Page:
Socialist-Realist/Heroic Realism

Streamline

WPA

European designers flee Europe for the U.S.

Dubo, Dubon, Dubonet poster, AM Cassandre, 1932

35mm Kodachrome introduced, 1935

Henry Luce begins publication of Life, first picture magazine, 1936

Picasso paints Guernica, 1937

László Moholy-Nagy founds the American New Bauhaus, Chicago, 1939

Alexey Brodovitch

Charles T. Coiner

Abram Games

Raymond Loewy

Herbert Matter

Stanley Morrison

Jan Tschichold

1940

Alan Turing cracks Enigma code with a "computer," 1942

First modern computer developed in U.S., 1944

World War II ends, 60 million dead, 1945

Atomic bomb, 1945

Claude Shannon creates Information Theory at Bell Labs, 1945

Transistor invented by Bell Labs, 1948

American Modern

Atomic Age design

Abstract Expressioniam, 1940s-1950s

Citizen Kane, Orson Wells, 1941

Graphis magazine published, Switzerland, 1944

Farnsworth House, Ludwig Mies van der Rohe, 1945-1951

Lou Dorfsman hired by CBS Radio, 1946

Alvin Lustig

Walter Landor

Cipe Pinellies

Paul Rand

1950

Europe rebuilds following World War II

Cold War, 1945-1989

Korean War, 1950

Color Television, 1950

Sidney Rosenthal’s Magic Marker®, 1953

First phototypesetting, 1953

Elvis Presley has first rock ‘n’ roll hit, 1956

First daylight (DayGlo) fluorescent pigments, 1957 (first used in "Tide" packaging, 1959)

First photocopier, Xerox, 1959

Civil Rights Movement

Swiss International Style

Polish poster style

Revivalism and Eclecticism
(Push Pin Graphics)

Googie

Film Noiré

CBS “eye” lgo created by CD Bill Golden, 1951

Int’l Design Conference in Aspen (became Aspen Design Conference), 1951

Saul Bass designs poster and movie titles for film Carmen Jones, 1954

Push Pin Studios founded by Milton Glaser, Seymour Chwast, Reynold Ruffins and Edward Sorel, 1954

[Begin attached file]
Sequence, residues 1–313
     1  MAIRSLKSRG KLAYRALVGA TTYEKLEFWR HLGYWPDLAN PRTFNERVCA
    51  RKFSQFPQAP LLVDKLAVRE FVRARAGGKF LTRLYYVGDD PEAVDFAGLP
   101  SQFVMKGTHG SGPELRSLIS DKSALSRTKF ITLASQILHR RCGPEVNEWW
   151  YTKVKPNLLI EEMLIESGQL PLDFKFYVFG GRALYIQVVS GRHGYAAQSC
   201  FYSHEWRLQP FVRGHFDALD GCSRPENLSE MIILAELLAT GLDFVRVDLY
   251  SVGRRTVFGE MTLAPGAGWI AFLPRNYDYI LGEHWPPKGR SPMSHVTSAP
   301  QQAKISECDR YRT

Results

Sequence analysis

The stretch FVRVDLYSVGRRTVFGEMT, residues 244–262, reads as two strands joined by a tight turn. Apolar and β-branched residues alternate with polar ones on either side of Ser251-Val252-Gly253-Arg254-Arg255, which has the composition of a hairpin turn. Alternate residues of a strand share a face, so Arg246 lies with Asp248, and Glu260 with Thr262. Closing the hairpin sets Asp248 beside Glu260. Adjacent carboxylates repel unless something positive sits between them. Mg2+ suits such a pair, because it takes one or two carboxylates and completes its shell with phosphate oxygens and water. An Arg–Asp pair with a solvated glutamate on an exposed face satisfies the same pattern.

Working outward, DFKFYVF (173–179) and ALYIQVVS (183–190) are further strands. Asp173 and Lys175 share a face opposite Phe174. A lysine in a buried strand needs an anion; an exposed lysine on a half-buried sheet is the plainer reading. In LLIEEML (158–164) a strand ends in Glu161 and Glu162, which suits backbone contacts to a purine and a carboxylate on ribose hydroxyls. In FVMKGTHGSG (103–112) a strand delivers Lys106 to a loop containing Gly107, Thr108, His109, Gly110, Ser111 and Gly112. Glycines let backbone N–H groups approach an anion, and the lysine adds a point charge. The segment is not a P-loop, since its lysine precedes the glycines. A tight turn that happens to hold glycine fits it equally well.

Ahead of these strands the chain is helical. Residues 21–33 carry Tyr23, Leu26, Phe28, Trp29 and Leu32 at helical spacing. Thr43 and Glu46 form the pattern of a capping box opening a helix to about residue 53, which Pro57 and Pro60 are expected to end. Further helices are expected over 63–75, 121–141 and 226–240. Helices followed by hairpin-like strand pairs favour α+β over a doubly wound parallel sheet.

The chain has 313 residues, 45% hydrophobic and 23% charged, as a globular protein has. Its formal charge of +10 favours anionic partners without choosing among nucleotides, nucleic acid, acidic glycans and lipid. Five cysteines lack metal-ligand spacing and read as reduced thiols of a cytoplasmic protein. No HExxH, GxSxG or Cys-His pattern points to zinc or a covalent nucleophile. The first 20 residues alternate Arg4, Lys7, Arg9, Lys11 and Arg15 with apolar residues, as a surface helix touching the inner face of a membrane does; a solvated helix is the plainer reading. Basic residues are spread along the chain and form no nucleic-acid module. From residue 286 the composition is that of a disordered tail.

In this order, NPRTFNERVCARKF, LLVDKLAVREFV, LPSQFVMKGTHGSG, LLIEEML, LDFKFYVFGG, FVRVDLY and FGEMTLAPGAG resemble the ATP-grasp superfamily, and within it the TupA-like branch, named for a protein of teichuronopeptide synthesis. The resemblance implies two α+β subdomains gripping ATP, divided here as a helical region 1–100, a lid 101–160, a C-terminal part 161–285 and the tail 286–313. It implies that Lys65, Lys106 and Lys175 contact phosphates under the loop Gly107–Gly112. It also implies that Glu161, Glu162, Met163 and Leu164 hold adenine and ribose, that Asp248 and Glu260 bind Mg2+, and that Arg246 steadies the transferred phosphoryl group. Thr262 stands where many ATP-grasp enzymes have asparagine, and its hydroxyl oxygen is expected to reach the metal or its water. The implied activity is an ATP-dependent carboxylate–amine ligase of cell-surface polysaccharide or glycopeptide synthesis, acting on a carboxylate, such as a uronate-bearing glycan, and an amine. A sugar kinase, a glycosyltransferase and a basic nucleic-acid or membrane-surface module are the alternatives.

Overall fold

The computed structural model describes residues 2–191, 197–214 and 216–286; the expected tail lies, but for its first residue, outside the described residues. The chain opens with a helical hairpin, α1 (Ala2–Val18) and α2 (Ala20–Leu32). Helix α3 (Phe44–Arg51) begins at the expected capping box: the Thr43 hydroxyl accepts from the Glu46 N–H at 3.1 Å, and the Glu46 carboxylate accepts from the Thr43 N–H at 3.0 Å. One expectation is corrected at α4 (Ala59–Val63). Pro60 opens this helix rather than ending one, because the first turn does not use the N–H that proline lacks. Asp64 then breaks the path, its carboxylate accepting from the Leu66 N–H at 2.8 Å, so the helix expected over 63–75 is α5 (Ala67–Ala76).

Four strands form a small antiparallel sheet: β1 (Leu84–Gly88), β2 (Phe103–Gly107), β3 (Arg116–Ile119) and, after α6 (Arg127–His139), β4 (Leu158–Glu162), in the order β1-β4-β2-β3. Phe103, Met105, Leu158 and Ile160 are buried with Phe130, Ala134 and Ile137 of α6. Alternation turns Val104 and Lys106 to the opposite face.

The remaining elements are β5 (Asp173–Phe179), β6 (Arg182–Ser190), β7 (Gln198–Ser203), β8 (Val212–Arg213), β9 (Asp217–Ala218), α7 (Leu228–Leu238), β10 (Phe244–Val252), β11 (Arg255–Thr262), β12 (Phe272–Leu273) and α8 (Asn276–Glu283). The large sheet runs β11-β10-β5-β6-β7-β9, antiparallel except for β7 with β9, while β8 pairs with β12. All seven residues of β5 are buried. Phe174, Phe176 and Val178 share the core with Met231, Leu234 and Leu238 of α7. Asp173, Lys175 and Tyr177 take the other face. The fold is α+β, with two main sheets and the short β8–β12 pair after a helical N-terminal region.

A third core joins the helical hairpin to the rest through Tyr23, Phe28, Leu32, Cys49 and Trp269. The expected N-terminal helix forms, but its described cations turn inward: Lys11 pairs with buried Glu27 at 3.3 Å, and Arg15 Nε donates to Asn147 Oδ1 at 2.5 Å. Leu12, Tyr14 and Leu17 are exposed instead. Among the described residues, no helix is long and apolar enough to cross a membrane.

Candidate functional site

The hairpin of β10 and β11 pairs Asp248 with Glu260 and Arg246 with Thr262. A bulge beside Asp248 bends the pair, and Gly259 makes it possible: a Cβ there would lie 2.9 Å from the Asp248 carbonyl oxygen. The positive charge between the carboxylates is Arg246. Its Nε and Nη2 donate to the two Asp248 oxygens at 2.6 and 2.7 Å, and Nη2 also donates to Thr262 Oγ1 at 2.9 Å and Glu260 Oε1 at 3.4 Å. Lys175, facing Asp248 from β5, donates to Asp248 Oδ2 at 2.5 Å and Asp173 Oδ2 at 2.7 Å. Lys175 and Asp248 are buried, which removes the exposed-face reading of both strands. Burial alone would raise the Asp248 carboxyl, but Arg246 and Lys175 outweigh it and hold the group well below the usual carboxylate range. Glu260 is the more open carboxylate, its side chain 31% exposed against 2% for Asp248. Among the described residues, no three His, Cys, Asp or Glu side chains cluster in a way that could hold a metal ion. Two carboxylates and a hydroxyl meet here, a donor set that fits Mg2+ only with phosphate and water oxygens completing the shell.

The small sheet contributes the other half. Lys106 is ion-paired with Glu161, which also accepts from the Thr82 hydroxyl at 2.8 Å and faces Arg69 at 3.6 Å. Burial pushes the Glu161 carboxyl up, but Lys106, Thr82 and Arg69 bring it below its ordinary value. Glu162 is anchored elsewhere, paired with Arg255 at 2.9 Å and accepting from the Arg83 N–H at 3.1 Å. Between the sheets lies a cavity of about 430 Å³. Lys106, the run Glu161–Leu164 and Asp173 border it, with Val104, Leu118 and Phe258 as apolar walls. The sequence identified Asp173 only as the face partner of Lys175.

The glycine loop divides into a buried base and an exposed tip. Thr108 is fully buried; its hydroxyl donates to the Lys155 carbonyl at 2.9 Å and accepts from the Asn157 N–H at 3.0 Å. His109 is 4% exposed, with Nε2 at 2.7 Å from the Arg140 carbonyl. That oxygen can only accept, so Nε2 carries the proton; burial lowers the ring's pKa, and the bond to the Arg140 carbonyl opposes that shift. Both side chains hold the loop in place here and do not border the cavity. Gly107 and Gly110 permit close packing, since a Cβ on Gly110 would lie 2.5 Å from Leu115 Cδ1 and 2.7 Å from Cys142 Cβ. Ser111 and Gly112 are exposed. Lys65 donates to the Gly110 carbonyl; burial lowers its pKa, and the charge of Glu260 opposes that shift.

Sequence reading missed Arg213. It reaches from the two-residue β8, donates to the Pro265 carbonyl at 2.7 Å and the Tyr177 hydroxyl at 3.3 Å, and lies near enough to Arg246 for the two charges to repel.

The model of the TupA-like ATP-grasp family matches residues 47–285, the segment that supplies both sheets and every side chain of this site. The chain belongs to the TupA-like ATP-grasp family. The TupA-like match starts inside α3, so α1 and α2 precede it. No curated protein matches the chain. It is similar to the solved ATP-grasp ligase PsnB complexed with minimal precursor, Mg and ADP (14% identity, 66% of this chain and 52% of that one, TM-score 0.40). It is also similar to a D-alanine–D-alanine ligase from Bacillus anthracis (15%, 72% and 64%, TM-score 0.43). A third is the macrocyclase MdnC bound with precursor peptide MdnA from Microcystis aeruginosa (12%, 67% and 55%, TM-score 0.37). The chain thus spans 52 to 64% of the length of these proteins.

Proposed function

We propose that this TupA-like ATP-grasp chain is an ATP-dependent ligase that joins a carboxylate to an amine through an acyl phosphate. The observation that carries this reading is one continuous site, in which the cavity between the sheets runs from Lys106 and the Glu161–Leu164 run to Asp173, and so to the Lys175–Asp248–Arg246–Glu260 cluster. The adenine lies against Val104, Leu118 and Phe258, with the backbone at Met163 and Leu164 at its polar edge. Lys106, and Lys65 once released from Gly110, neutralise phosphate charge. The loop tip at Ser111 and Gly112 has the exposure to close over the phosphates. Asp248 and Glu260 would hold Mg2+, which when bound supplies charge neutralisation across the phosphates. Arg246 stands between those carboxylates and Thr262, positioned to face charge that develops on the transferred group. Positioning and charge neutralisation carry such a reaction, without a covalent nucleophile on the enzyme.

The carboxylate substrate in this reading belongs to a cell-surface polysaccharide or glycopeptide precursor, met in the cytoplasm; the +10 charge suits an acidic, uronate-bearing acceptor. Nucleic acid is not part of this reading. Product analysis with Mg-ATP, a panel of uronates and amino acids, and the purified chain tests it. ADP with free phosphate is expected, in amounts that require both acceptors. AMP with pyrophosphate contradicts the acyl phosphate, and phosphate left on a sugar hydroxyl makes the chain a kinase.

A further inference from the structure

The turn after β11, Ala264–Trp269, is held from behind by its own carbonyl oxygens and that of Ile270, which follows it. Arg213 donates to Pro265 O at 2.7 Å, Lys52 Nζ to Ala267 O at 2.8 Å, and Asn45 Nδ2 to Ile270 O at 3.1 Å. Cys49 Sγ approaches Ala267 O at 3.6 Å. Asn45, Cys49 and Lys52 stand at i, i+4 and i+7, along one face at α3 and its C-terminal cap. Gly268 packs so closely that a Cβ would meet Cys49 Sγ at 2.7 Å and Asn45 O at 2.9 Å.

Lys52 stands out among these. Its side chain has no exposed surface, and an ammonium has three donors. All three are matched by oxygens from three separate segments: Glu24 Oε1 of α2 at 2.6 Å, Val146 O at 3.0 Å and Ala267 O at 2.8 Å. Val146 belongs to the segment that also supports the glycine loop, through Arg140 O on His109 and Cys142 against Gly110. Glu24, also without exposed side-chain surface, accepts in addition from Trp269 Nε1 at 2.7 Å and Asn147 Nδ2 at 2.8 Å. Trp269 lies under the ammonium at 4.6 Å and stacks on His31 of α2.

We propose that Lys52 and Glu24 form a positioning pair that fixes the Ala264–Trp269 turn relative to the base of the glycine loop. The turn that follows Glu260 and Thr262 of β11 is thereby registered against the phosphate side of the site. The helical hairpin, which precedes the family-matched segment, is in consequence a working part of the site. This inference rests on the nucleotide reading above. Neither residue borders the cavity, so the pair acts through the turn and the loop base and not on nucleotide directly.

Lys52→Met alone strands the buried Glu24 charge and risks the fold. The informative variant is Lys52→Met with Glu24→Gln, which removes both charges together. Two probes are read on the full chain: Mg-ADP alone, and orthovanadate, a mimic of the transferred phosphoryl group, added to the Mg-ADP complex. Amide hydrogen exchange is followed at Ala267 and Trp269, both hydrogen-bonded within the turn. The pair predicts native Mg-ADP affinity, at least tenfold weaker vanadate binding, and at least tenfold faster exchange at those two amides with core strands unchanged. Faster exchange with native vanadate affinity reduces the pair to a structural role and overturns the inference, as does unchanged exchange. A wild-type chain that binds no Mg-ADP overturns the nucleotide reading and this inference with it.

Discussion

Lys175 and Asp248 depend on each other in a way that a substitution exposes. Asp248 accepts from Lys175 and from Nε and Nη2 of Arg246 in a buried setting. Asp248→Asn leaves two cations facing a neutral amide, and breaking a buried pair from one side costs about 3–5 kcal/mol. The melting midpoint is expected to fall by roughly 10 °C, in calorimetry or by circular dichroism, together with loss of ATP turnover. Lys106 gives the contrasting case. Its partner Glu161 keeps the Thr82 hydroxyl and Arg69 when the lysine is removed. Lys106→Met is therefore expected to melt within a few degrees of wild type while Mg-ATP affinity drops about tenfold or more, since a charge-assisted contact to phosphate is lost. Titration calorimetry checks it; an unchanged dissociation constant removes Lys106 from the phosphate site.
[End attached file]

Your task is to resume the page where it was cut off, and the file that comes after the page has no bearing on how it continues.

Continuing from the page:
Reid Miles designs album covers for Blue Note Records, 1955

Helvetica designed by Max Miedinger and Edouard Hoffmann, 1957

Seagram building, Ludwig Mies van der Rohe, 1959

Charles & Ray Eames

Robert Frank

Georg Olden

Irving Penn

Bradbury Thompson

Henry Wolf

1960

Vietnam War

U.S. scientists develop the laser, 1960

J. C. R. Licklider, in paper Man-Computer Symbiosis, proposes universal computer networking, 1960

First industrial robot on line at G.M., 1962

President John Kennedy assassinated, 1963

First phototypesetting on CRT screen, mid-1960s

Summer of Love and Woodstock, 1967

Martin Luther King assassinated, 1968

Apollo 11, First manned moon landing, 1969

First message over ARPANET, the technical core of what would become the Internet, 1969

Compuserve, first commercial online computer service provider, 1969

Pop Art

Op Art

Psychedelia

Fluxus Manifesto (Neo-Dada), 1963, by George Maciunas

Josef Müller-Brockmann’s Grid Systems in Graphic Design, 1961

Andy Warhol, 100 Soup Cans, 1962

George Lois directs Esquire magazine covers, 1962-1972

Massimo Vignelli founds NY branch of Unimark International, 1966

Wes Wilson designs psychedelic posters for the Filmore West, 1967

Herb Lubalin art directs magazine Avante Garde, 1968

Robert Brownjohn

Paul Davis, illustrator

Alan Fletcher (Fletcher/Forbes/Gill)

Colin Forbes

Bob Gill

Armin Hofmann

Tomoko Miho

1970

First email, Ray Tomlinson, 1971

Vietnam war ends, 1973

Exxon Quip, first practical fax machine, mid-1970s

Richard Dawkins coins the meme "meme" — ideas that replicate themselves, 1976

Anwar Sadat and Menachem Begin sign the Camp David peace accords, 1978

First test-tube baby, 1978

First personal computers hit the market

Basel

Graffiti

Disco

Punk, 1977-1983

New Wave

Hip-hop and Rap

Paula Scher hired by CBS Records, 1972

First successful video game, Pong, released, 1972

Denise Scott Brown, Learning from Las Vegas, MIT Press, 1972

First punk album, Sex Pistols, Never Mind the Bullocks, Here’s the Sex Pistols, 1977

First New Wave album, Talking Heads, Talking Heads ’77, 1977

First laser printer, $500,000, Xerox, 1978

Ruth Ansel

Jacqueline Casey, MIT

Chermayeff & Geismar

April Greiman

Paula Scher

Wolfgang Weingart

1980

Development of the Internet, 1980s

Space shuttle flights begin, 1980

First emoticon, Scott Fahlman, 1982 (see also Kaomoji)

Glastnost policy implemented by Russian Communist Party Chairman Gorbachev, 1987